Navigation Links
Biotechnology needs 21st century patent system: Expert
Date:3/17/2008

Biotechnology discoveries like the method for creating synthetic life forms are at risk of being unduly hindered or taken hostage by private corporations unless patent systems are brought into the 21st century, an expert from The Australian National University argues.

Dr Matthew Rimmer from the ANU College of Law takes a broad look at the current state of international regulation around intellectual property rights and biological inventions in his new book and the prognosis is far from healthy.

Most patent systems around the world were developed during the industrial revolution, which means theyre ill equipped to deal with more complex range of inventions arising out of life sciences things like man-made micro-organisms, GM plants, the human genome and stem cells, Dr Rimmer says.

Dr Rimmer says that patent systems provide protections around inventions provided they satisfy criteria to do with novelty, an inventive step and utility. But he argues that such legal tools are not nuanced enough for biotechnical innovation, where inventions can be at once more intellectually subtle and morally ambiguous.

When it comes to biotechnology, our antiquated patent systems can have detrimental consequences either hampering the freedom of researchers to take full advantage of experimental use and the possibilities for innovation, or giving a lot of control over living things to a very small group of people.

Dr Rimmer laments the rise of patent trolls companies that take out patents on very slight biotechnical innovations, and then hold other researchers to ransom if they attempt to make any progress in that particular area.

On the other hand, he acknowledges the legal and ethical complexities surrounding the actions of scientists like those at the J. Craig Venter Institute in the US, who are trying to patent the method for creating a synthetic life-form. While the organism involved is incredibly simple, Dr Rimmer says such moves could lead to patents being taken out on much more complex living things.

Dr Rimmer argues that in order to provide more incentives and protections for scientific innovation, there needs to be greater scope in Australia and elsewhere for challenges to patent applications. He also says there is a need for a broader legal defence of experimentation. Finally, Dr Rimmer argues that thresholds need to be raised to make it harder to get a patent, which would be a blow to patent trolls.


'/>"/>

Contact: Simon Couper
Simon.Couper@anu.edu.au
61-261-254-171
Research Australia
Source:Eurekalert

Related biology news :

1. Genetic Engineering & Biotechnology News reports on advances in miRNA
2. Workshops on biotechnology and water for science journalists
3. Monsanto expands sponsorship for Peking-Yale Joint Agrobiotechnology Center
4. Plant reflections may be key to early detection of treatment needs
5. Gene, stem cell therapy only needs to be 50 percent effective to create a healthy heart
6. Meeting real-world climate information needs of business, government
7. Europe needs collective effort on System Biology, says ESF Task Force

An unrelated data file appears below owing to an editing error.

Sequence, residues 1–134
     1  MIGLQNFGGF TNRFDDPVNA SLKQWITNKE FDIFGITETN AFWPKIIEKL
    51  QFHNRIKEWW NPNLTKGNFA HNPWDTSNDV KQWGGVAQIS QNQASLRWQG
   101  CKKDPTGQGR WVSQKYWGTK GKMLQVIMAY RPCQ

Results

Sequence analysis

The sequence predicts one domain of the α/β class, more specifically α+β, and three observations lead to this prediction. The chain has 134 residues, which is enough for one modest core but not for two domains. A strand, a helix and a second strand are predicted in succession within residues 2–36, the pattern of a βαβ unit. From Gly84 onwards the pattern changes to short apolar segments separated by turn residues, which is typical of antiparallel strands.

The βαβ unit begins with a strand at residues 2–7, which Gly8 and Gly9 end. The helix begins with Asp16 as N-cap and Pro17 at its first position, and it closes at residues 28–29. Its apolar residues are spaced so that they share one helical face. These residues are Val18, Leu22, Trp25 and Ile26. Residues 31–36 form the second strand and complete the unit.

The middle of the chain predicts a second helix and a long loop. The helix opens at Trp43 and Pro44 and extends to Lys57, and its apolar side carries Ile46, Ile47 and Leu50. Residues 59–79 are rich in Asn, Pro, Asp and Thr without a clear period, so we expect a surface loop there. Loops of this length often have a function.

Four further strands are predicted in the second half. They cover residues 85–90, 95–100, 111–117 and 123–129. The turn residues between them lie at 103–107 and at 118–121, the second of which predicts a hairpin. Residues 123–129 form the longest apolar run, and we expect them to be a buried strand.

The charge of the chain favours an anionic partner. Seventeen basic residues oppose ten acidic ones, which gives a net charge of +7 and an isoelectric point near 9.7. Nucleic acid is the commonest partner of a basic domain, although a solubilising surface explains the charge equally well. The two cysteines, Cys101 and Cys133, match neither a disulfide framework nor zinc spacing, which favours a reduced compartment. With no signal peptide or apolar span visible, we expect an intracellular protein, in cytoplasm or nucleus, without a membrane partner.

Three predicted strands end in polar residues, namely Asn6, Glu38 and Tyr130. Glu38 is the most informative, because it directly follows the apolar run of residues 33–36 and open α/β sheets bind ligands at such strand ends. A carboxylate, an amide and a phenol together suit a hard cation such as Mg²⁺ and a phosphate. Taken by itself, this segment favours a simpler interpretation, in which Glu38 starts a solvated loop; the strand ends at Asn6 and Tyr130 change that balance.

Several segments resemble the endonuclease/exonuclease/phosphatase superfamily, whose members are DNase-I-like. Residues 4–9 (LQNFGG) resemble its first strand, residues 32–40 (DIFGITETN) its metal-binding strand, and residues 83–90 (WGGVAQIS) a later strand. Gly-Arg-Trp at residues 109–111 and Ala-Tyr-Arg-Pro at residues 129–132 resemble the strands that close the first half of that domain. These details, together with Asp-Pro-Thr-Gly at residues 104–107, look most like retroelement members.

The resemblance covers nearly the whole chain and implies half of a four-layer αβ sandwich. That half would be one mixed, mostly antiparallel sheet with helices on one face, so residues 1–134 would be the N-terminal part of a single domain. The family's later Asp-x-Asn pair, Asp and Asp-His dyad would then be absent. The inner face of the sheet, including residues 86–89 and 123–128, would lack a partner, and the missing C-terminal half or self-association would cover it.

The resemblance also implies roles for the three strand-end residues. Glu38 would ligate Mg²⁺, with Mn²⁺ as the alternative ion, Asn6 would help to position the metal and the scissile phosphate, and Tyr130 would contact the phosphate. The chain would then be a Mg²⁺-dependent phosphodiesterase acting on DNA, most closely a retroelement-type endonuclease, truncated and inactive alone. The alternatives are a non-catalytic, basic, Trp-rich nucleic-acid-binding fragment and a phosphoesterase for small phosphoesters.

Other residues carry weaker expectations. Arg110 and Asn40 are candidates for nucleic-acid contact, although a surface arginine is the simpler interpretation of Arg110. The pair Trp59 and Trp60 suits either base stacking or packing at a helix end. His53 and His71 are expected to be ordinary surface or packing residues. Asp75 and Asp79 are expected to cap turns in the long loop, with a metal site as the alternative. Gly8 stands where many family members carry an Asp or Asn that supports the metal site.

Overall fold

8. How will government spur technological innovation in the 21st century?
9. Building the future -- 21st century nano tools to repair the nervous system
10. Carnivores in recent study help Bergmanns rule reach the 21st century
11. St. Jude settles century-old debate on origin of mammalian network of lymphatic vessels
Post Your Comments:
*Name:
*Comment:
*Email:
(Date:6/15/2016)... 2016 Transparency Market Research ... Market by Application Market - Global Industry Analysis Size Share ... the report, the  global gesture recognition market  was ... is estimated to grow at a CAGR of ... Increasing application of gesture recognition technology ...
(Date:6/3/2016)... , June 3, 2016 ... Management) von Nepal ... und Lieferung hochsicherer geprägter Kennzeichen, einschließlich Personalisierung, ... führend in der Produktion und Implementierung von ... der Ausschreibung im Januar teilgenommen, aber Decatur ...
(Date:6/1/2016)... , June 1, 2016 ... in Election Administration and Criminal Identification to Boost Global ... a recently released TechSci Research report, " Global Biometrics ... Region, Competition Forecast and Opportunities, 2011 - 2021", the ... billion by 2021, on account of growing security concerns ...
Breaking Biology News(10 mins):
(Date:6/24/2016)... NY (PRWEB) , ... June 24, 2016 , ... While ... machines such as the Cary 5000 and the 6000i models are higher end machines ... is the height of the spectrophotometer’s light beam from the bottom of the cuvette ...
(Date:6/23/2016)... ... 2016 , ... Mosio, a leader in clinical research patient ... and Retention Tips.” Partnering with experienced clinical research professionals, Mosio revisits the hurdle ... and strategies for clinical researchers. , “The landscape of how patients receive and ...
(Date:6/23/2016)... , June 23, 2016   Boston Biomedical ... novel compounds designed to target cancer stemness pathways, ... been granted Orphan Drug Designation from the U.S. ... of gastric cancer, including gastroesophageal junction (GEJ) cancer. ... designed to inhibit cancer stemness pathways by targeting ...
(Date:6/23/2016)... Md. , June 23, 2016 A person ... from the crime scene to track the criminal down. ... the U.S. Food and Drug Administration (FDA) uses DNA evidence ... Sound far-fetched? It,s not. The FDA ... sequencing to support investigations of foodborne illnesses. Put as simply ...
Breaking Biology Technology: